When you want a horse to stay put, but you don't want to tie it out, you may use hobbles. You can fashion hobbles from a piece of rope, or you can use a set (like the ones I borrowed from a rancher for the sake of visual illustration) that resemble a leather belt, or perhaps more, an oversize set of leather handcuffs. The idea is that you fasten these around the horse's front legs to prevent them from wandering off too far. They have freedom to wander a little, to graze, to move, but not much.
It struck me somewhere along the way that the woman Jesus healed in Luke 13 was hobbled. Jesus even alludes to something similar at the end of the story when he talks about leading out an ox or a donkey that's been tied. She was not unable to function, but she was unable to function fully. She was slowed, stooped, bent, and could not straighten herself. Jesus removes her physical hobbles and sets her free.
That's when the story gets interesting -- because the ruler of the synagogue (a man of considerable influence and power) rebukes her, and by extension Jesus, for being healed on the Sabbath. Jesus replies by labeling the man a hypocrite -- literally, someone who wears a mask. The term originally came from the Greek theater, where actors would don a mask to portray their character, and sometimes several characters. Jesus is telling the man -- and apparently others who were indignant that Jesus broke the Sabbath laws -- that he himself is hobbled, masked. He is not free. He's like a donkey or an ox that is tied up and can't get to water.
Think about the ways we hide, the masks we wear. There is the mask of "I'm fine" when really we're deep down wounded, afraid of being hurt again. There's the mask of mindlessness when we train ourselves not to think too deeply about things, not to dig in, just to remain on the self-indulgent surface of life. There's the mask of condemnation and judgmentalism -- we direct our gaze at those who fall short and point out their flaws. This is a mask we wear in order to prevent anyone from looking too closely at us. There are tons of masks, and each one is a hobble. They limit our movement, limit our freedom, keep us from enjoying all that God created us to enjoy.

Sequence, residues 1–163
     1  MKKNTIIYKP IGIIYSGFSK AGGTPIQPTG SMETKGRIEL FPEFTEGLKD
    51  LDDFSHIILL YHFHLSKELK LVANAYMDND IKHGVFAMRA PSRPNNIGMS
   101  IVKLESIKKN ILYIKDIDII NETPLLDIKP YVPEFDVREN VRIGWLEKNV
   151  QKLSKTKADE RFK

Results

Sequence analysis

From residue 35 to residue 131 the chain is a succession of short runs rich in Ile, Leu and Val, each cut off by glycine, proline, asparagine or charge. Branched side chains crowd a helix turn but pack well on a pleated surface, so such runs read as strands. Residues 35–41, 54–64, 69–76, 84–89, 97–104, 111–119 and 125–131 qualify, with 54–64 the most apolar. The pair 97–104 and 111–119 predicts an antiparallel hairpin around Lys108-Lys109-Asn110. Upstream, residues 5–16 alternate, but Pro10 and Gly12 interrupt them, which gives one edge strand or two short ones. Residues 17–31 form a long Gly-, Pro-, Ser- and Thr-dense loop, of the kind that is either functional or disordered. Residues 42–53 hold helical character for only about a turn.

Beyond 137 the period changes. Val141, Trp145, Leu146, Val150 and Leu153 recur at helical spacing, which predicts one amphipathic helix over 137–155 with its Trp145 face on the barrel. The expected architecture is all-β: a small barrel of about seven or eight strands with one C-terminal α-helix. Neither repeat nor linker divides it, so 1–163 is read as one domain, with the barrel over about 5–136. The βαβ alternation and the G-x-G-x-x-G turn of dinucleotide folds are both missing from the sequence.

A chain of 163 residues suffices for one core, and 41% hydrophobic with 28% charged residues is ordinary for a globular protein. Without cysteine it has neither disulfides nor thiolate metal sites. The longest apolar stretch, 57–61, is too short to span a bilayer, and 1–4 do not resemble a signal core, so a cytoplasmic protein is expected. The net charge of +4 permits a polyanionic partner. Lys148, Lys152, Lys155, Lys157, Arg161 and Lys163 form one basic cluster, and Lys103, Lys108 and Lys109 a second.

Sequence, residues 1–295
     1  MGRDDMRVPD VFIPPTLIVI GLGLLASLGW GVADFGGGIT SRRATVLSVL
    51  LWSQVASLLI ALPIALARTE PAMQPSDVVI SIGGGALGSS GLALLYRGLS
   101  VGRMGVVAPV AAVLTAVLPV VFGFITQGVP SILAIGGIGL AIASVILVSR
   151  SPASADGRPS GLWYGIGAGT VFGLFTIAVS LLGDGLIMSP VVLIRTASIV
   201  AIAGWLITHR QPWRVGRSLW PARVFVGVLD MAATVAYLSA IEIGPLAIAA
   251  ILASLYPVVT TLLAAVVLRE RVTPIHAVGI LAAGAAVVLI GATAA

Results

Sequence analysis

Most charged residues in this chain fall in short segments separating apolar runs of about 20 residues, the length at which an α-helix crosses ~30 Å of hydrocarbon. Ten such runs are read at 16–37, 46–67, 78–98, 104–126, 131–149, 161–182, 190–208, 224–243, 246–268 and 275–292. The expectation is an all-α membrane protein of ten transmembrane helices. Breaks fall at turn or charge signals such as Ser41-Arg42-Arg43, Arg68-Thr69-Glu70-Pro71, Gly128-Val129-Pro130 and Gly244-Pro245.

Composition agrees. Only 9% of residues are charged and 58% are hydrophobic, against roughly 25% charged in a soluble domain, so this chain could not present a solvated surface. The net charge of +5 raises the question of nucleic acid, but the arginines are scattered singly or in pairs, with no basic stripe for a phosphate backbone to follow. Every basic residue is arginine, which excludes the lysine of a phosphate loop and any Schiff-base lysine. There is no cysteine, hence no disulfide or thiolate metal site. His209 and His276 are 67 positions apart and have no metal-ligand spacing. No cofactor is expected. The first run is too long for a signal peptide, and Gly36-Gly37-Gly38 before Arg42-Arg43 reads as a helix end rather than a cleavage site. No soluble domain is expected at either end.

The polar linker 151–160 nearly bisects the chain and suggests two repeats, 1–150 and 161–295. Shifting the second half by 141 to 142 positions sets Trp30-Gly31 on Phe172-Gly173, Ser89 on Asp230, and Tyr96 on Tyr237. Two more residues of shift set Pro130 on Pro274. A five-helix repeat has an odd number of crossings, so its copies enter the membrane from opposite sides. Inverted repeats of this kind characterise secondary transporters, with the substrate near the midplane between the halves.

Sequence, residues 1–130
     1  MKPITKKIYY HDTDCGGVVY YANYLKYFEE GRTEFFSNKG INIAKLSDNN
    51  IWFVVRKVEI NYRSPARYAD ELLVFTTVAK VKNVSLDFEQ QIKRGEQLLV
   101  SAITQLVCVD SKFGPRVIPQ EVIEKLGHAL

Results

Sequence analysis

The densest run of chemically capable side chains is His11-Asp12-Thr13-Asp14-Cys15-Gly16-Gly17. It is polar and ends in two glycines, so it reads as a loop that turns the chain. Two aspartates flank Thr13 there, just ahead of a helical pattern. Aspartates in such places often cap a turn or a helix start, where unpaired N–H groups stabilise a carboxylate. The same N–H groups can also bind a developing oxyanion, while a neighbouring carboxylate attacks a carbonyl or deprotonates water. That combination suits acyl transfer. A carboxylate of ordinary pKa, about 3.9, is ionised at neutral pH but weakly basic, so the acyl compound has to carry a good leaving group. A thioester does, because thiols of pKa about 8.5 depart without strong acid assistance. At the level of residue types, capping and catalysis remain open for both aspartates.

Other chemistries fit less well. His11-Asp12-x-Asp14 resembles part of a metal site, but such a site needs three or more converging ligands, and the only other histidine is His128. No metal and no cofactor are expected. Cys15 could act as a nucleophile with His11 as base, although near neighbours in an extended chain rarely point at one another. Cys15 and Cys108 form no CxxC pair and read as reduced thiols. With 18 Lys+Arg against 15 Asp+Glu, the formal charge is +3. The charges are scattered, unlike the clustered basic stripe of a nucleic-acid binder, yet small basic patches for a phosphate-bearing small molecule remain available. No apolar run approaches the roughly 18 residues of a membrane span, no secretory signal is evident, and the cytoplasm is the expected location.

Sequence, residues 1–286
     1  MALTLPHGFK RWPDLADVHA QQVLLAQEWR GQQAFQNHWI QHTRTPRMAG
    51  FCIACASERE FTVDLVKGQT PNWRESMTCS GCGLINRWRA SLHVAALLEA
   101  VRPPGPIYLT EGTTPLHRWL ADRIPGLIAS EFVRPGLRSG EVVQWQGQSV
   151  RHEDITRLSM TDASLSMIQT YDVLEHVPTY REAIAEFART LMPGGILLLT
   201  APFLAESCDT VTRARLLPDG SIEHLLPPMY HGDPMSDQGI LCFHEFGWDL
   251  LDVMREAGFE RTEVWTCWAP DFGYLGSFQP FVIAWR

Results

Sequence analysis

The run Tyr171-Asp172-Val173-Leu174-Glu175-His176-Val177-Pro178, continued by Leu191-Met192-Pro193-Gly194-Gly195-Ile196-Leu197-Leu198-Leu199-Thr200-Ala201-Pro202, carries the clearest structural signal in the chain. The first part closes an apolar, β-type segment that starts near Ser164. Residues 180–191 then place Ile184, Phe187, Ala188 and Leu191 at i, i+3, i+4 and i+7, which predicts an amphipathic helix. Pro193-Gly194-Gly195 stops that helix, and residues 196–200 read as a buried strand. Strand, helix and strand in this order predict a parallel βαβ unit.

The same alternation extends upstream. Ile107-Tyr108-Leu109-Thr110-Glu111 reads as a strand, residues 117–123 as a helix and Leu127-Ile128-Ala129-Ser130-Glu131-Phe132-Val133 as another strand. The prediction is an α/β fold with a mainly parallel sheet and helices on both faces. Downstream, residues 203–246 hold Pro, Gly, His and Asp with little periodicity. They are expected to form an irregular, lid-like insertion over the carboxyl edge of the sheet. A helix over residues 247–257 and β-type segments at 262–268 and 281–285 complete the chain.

If you look at the context, this chapter is about repentance. "Repent or you will likewise perish" is Jesus' cheery advice to those concerned about the misfortunes of others. Jesus tells a story about a tree on the verge of being cut down if it doesn't produce fruit, and the gardener begs one more year in hopes there's still time for the tree to change. There's an urgency to this story, a desperate need for repentance.
Notice that both Jesus and the woman show up. They show up for worship on the Sabbath day, even though they both had other things they could be doing. Jesus shows up to teach; the woman shows up to put herself in a place where God can work if he chooses. How often do we fail even to show up? The woman does, and today is the day Jesus is there to take her hobbles off.
Repentance means, at least in part, that we come to Jesus authentically, honest about who we are and the masks we wear. He already knows our core, but this is the opportunity for us to be honest with him about what's going on. It's a chance for him to bring life and healing into our deadly, burdened, hypocritical lives.
What hobbles you? What masks do you wear? What prevents you from being authentic with Jesus? Are you going to show up today, and ask Jesus to heal you?